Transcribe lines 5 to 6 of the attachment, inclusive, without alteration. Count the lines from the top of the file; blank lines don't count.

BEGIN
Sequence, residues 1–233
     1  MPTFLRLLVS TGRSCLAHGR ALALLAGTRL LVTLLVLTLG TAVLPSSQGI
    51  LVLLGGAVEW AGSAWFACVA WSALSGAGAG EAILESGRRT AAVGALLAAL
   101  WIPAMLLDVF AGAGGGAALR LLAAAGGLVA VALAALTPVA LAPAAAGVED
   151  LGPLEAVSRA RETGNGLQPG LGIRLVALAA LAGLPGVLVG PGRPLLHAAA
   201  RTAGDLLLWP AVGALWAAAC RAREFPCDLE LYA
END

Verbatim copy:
   151  LGPLEAVSRA RETGNGLQPG LGIRLVALAA LAGLPGVLVG PGRPLLHAAA
   201  RTAGDLLLWP AVGALWAAAC RAREFPCDLE LYA